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# Re: st: svy + aweights

 From Joerg Luedicke To statalist@hsphsun2.harvard.edu Subject Re: st: svy + aweights Date Thu, 10 Nov 2011 16:28:58 -0500

```> I would be downweighting the subjects with fewer days;

Whether you downweight subjects with fewer days or upweight subjects
with more days should be the same thing. Anyway, if your concern is
that of differing reliability across sub-groups of your data, then
weighting will not solve the problem.

> I wouldn't actually use number of days but the inverse of the variance
> of the daily average, since I have that, number of days is just a short
> hand way of thinking about it.

I am completely at a loss with this one.

>
> Not all obese kids have less days than normal kids, it's just that
> the distribution is skewed down - higher percent with 1-2 days and
> lower percent with 6-7 days.

As I said, consider a multilevel model. That way you can directly
account for the uncertainty that is related to the varying numbers of
measurement occasions.

J.

>
> On 11/10/2011 3:37 PM, Joerg Luedicke wrote:
>>
>> Then it seems to be a problem of reliability of your measure, i.e.,
>> measurement for obese kids is less reliable than measurement for
>> non-obese kids, right? Now, if you upweight the obese kids in your
>> sample, why would that enhance the reliability of their measurement?
>> If I understand the problem correctly, then weighting strikes me as
>> the wrong approach here.
>>
>> Perhaps you could consider not averaging at all and running a
>> multilevel model of some sort.
>>
>> J.
>>
>> On Thu, Nov 10, 2011 at 3:23 PM, Jeph Herrin<stata@spandrel.net>  wrote:
>>>
>>> For each day, I have 1440 minutes (24 hours) of measurements. Each minute
>>> has an activity measure, 0-30,000. I want to compare how active the kids
>>> (these are all children) are, so I calculate an activity measurement for
>>> each day (to keep it simple here I will say it is the median, though
>>> actually
>>> it is a complicated function of the activity levels over the day).
>>>
>>>
>>> id   day1 day2 day3   obese  average  days
>>> 1    500   500  500     Y      500      3
>>> 2    1000               N     1000      1
>>>
>>>
>>> Now I want to compare kids who are normal weight to those who are
>>> obese. It turns out, I don't have as many measurements on the obese
>>> kids because they did not wear their monitor as often. So the
>>> active kids have more precise daily averages than the obese kids.
>>> To compare average activity, I want to account for the differences
>>> in precision.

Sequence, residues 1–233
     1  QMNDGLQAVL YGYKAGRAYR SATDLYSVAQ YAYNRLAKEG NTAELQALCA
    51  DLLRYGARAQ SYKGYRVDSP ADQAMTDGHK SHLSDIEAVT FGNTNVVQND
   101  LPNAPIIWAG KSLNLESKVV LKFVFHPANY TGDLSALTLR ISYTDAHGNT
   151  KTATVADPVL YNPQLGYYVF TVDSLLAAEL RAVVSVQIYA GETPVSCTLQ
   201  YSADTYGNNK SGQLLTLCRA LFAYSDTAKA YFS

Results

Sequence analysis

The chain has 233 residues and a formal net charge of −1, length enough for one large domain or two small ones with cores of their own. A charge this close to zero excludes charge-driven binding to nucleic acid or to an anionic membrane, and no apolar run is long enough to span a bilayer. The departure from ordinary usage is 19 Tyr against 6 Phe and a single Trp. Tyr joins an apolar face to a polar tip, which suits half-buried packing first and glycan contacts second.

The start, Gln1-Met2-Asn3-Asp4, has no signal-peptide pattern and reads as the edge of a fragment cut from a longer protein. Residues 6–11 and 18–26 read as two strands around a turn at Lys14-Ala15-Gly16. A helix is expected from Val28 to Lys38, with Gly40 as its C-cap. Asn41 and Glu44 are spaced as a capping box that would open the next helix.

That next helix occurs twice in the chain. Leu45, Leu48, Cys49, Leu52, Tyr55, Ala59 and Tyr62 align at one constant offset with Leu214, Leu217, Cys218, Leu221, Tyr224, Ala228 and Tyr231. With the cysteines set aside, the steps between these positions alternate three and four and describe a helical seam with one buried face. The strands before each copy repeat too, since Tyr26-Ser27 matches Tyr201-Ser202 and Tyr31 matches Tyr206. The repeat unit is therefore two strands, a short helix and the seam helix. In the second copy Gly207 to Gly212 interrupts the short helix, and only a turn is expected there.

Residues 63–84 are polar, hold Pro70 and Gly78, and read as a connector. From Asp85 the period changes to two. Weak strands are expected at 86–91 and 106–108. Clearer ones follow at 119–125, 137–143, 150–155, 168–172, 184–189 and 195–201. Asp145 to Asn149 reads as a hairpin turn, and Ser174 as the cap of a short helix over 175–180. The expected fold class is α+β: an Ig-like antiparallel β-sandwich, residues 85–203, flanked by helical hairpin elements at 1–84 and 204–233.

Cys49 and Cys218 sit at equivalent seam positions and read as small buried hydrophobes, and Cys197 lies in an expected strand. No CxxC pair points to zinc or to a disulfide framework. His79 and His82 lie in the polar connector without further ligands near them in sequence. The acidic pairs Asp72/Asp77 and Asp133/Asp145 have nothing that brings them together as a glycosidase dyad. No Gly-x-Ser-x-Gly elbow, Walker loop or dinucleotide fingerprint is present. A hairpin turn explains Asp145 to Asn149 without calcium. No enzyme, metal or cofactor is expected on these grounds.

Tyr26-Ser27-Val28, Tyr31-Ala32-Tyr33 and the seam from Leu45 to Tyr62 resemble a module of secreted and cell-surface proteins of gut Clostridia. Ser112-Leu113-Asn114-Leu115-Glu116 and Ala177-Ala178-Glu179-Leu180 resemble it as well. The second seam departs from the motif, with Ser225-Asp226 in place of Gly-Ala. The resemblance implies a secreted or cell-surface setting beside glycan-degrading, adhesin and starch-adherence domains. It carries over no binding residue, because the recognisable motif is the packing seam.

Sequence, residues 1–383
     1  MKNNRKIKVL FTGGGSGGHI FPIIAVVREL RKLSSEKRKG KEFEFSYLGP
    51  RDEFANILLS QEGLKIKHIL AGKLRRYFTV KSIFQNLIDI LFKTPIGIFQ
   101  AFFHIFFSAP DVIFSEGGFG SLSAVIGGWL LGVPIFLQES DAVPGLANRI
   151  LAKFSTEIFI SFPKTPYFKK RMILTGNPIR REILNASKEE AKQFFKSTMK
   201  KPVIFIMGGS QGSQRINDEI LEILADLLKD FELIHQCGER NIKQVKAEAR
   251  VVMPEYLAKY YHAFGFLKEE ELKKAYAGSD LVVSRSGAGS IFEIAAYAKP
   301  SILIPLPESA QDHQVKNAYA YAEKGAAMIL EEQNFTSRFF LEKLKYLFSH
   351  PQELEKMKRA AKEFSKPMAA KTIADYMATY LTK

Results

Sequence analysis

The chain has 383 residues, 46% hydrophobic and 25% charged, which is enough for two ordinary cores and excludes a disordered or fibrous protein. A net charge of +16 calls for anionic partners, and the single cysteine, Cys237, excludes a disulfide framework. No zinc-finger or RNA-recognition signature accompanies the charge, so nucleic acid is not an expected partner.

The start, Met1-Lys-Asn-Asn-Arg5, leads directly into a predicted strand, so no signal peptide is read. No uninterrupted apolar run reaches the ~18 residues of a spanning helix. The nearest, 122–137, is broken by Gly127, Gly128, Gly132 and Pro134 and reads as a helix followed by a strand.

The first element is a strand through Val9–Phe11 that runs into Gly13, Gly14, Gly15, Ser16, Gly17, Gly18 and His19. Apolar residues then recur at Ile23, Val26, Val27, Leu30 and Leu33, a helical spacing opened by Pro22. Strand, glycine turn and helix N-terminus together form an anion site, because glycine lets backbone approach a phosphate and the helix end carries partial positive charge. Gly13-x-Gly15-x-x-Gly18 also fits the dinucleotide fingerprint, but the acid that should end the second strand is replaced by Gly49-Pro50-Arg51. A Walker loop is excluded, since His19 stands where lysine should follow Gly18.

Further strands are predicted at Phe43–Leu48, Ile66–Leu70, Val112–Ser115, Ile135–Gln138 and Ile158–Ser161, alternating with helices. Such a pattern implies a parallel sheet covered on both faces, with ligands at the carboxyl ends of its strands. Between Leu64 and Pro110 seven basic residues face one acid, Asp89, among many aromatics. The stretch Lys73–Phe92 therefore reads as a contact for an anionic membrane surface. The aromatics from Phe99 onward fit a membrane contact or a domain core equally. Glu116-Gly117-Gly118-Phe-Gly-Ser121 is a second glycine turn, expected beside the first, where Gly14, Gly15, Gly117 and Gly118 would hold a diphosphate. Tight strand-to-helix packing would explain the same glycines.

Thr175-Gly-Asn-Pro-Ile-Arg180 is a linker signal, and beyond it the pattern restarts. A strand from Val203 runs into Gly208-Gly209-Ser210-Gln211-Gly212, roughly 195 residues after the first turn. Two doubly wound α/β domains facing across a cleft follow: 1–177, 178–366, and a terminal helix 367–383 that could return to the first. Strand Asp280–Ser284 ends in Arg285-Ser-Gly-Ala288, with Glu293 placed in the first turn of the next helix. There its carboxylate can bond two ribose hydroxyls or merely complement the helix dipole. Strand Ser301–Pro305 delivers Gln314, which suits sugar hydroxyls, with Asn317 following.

>>>
>>> If this was not -svy- data, I would use something like
>>>
>>>   ttest average [aw=days], by(obese)
>>>
>>> even better -reshape- the data to have one record per day per id and use
>>>
>>>  xtset id
>>>  xtreg average
>>>
>>> But here I have this complex survey design to deal with.
>>>
>>> thanks,
>>> Jeph
>>>
>>> On 11/10/2011 3:06 PM, Joerg Luedicke wrote:
>>>>
>>>> I do not quite understand what you are trying to do. Suppose we have
>>>> two individuals, one measured only once and the other on, say, 3
>>>> occasions. Let's further assume that activity is measured in minutes
>>>> (btw, how is your dependent variable measured?). We could have the
>>>> following data:
>>>>
>>>> id day1 day2 day3
>>>> 1  30
>>>> 2  10  10  10
>>>>
>>>> If you calculate the minutes per day now (whether or not this being a
>>>> proper way of handling it), id#1 will end up with 30 and id#2 with 10
>>>> minutes. I do not understand why id#2 is supposed to weigh more than
>>>> id#1?
>>>>
>>>> J.
>>>>
>>>>
>>>> On Thu, Nov 10, 2011 at 2:34 PM, Jeph Herrin<stata@spandrel.net>
>>>>  wrote:
>>>>>
>>>>> Thanks for the suggestion, but I specifically need to give more
>>>>> weight to subjects which have more days of observation. For example,
>>>>> I have
>>>>>
>>>>>   svy : regress activity female BMI
>>>>>
>>>>> and would like this regression to give more weight to subjects which
>>>>> have more days of observation. Using activity/days as the dependent
>>>>> variable will not do this.
>>>>>
>>>>> Jeph
>>>>>
>>>>> On 11/10/2011 1:58 PM, Stas Kolenikov wrote:
>>>>>>
>>>>>> Rather than forming the mean activity per day, you might want to
>>>>>> analyze this as a ratio:
>>>>>>
>>>>>> svy : ratio activity / day_reported
>>>>>>
>>>>>> or whatever would be an appropriate ratio. That way, you will get
>>>>>> correct standard errors without messing with the analytical weights.
>>>>>>
>>>>>> On Thu, Nov 10, 2011 at 1:46 PM, Jeph Herrin<stata@spandrel.net>
>>>>>>  wrote:
>>>>>>>
>>>>>>> I am analyzing NHANES data (see manual page for -svyset-) using -svy-
>>>>>>> commands. My complication is that I am using the subset of subjects
>>>>>>> for
>>>>>>> which there is activity monitoring, and the number of days monitored
>>>>>>> varies
>>>>>>> from 1 to 8. So - to be clear - for some subjects I have 1 day of
>>>>>>> monitoring,
>>>>>>> and for some I have 2 days, some I have 3, etc. My dependent variable
>>>>>>> of
>>>>>>> interest is daily average activity levels, but I would like this to
>>>>>>> be
>>>>>>> weighted by the number of days monitored. (This is important because
>>>>>>> there
>>>>>>> seems to be a clear relationship between days monitored and age,
>>>>>>> race,
>>>>>>> etc).
>>>>>>>
>>>>>>> How do I incorporate this additional level of weighting? For
>>>>>>> instance,
>>>>>>> if I use
>>>>>>>
>>>>>>>  svy : mean depvar [aw=days]
>>>>>>>
>>>>>>> I get an error that weights are not reported.
>>>>>>>
>>>>>>> thanks,
>>>>>>> Jeph
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